Software Engineering | Challenges in eliciting requirements
Eliciting requirements is one of the most challenging aspects of software engineering. Some common challenges include:
- Understanding the user’s needs: Requirements are often poorly defined and may change over time, making it difficult for engineers to understand the user’s true needs.
- Managing stakeholders: There may be multiple stakeholders with different goals and priorities, making it difficult to satisfy everyone’s requirements.
- Identifying and mitigating risks: Engineers must identify and mitigate potential risks associated with the requirements, such as security vulnerabilities or scalability issues.
- Handling ambiguity: Requirements may be ambiguous, inconsistent, or incomplete, making it difficult for engineers to understand what the system should do.
- Keeping up with changing technology: Requirements must be aligned with the latest technology trends and innovations, which can be difficult to predict and keep up with.
- Maintaining a balance between feasibility, cost and time: Engineers need to balance the feasibility of implementing a requirement, the cost of implementation, and the time required to implement it.
- Maintaining traceability: Engineers need to maintain traceability of requirements throughout the development process to ensure that all requirements are met and any changes are tracked.
Eliciting requirements is the first step of the Requirement Engineering process. It helps the analyst to gain knowledge about the problem domain which in turn is used to produce a formal specification of the software. There are a number of issues and challenges encountered during this process.
Prerequisite – Requirements Elicitation
Some of them are as follows:
- Understanding large and complex system requirements is difficult: The word ‘large’ represents 2 aspects:
- (i) Large constraints in terms of security, etc. due to a large number of users.
- (ii) a Large number of functions to be implemented.
- Undefined system boundaries: There might be no defined set of implementation requirements. The customer may go on to include several unrelated and unnecessary functions besides the important ones, resulting in an extremely large implementation cost that may exceed the decided budget.
- Customers/Stakeholders are not clear about their needs: Sometimes, the customers themselves may be unsure about the exhaustive list of functionalities they wish to see in the software. This might happen when they have a very basic idea about their needs but haven’t planned much about the implementation part.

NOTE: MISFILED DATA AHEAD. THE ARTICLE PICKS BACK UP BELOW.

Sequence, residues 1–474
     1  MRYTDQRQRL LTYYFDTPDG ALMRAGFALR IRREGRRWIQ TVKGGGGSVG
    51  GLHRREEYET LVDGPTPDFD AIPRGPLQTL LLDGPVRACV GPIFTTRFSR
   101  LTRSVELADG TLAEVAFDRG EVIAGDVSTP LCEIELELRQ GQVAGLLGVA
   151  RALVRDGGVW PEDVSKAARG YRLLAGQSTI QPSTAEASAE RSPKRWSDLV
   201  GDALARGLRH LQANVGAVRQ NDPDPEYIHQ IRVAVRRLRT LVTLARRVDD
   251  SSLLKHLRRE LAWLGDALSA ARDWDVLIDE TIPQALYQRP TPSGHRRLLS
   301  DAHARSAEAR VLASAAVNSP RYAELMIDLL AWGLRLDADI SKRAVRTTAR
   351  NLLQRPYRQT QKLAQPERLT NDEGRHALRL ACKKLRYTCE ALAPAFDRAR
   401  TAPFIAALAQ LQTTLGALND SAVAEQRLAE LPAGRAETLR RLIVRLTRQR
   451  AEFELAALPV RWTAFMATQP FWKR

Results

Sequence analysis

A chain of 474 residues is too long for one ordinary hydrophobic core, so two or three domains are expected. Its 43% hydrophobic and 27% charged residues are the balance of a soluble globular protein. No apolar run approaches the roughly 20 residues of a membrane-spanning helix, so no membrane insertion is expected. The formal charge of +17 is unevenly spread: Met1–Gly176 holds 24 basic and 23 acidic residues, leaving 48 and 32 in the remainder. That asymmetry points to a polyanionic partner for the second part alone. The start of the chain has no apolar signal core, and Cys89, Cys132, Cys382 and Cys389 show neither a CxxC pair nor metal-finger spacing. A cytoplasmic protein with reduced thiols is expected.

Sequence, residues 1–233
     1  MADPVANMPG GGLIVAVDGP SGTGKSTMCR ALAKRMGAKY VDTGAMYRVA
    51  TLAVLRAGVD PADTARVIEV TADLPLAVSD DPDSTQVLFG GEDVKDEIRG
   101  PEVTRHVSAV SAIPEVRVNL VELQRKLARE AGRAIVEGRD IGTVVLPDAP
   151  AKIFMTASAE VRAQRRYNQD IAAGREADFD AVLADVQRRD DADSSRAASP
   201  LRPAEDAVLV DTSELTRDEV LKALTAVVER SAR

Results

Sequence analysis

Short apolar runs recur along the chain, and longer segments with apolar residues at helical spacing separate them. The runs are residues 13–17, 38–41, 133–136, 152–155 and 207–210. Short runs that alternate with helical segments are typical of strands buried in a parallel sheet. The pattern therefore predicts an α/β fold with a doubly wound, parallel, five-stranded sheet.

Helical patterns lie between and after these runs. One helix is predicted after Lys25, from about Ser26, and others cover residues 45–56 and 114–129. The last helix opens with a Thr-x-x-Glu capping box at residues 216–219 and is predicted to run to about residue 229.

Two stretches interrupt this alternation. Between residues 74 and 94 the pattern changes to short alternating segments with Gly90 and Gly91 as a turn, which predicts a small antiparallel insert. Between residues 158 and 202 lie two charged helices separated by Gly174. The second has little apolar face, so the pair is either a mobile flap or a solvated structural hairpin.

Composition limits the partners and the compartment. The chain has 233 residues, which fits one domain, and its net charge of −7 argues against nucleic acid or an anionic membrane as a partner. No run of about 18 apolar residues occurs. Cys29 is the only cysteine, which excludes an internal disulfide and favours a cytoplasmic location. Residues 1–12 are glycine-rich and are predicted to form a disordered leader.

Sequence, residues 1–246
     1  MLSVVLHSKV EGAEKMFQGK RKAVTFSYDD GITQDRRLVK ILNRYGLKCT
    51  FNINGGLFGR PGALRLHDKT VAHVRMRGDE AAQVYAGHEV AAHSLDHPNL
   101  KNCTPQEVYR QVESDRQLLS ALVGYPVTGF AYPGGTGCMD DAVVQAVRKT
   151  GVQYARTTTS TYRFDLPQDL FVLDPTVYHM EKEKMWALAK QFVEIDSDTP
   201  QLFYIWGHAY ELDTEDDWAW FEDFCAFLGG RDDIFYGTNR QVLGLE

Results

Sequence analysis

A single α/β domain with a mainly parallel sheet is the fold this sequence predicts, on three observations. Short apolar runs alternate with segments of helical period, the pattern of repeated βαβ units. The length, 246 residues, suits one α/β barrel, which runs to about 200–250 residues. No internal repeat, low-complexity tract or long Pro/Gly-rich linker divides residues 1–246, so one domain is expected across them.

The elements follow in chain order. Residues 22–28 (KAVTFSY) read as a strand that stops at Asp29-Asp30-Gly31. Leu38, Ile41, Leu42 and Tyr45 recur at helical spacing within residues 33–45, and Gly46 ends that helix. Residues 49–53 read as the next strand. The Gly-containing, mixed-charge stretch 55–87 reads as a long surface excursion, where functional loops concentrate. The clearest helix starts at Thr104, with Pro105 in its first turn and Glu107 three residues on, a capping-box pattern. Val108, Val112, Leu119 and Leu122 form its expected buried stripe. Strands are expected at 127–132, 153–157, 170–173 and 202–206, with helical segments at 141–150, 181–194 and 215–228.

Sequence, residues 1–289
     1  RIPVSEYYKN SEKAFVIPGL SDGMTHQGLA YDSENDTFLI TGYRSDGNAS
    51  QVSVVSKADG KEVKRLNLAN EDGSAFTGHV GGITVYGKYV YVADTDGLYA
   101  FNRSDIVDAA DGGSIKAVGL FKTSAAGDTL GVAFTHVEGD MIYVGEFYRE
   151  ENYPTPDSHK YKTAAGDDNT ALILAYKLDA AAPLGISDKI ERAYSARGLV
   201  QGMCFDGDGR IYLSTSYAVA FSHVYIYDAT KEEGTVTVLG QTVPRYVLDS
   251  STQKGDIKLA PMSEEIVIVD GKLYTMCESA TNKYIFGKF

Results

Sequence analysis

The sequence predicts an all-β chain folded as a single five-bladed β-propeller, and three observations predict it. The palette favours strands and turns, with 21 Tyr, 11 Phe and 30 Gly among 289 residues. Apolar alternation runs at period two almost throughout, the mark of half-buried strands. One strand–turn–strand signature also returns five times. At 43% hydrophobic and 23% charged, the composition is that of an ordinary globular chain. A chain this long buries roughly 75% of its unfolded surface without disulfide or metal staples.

- Conflicting requirements are there: There is a possibility that two different stakeholders of the project express demands which contradict each other’s implementation. Also, a single stakeholder might also sometimes express two incompatible requirements.
- Changing requirements is another issue: In the case of successive interviews or reviews from the customer, there is a possibility that the customer expresses a change in the initial set of specified requirements. While it is easy to accommodate some of the requirements, it is often difficult to deal with such changing requirements.
- Partitioning the system suitably to reduce complexity: The projects can sometimes be broken down into small modules or functionalities which are then handled by separate teams. Often, more complex and large projects require more partitioning. It needs to be ensured that the partitions are non-overlapping and independent of each other.
- Validating and Tracing requirements: Cross-checking the listed requirements before starting the implementation part is very important. Also, there should be forward as well as backward traceability. For eg, all the entity names should be the same everywhere, i.e., there shouldn’t be a case where ‘STUDENT’ and ‘STUDENTS’ are used at separate places to refer to the same entity.
- Identifying critical requirements: Identifying the set of requirements that have to be implemented at any cost is very important. The requirements should be prioritized so that crucial ones can be implemented first with the highest priority.
- Resolving the “to be determined” part of the requirements: The TBD set of requirements include those requirements which are yet to be resolved in the future. The number of such requirements should be kept as low as possible.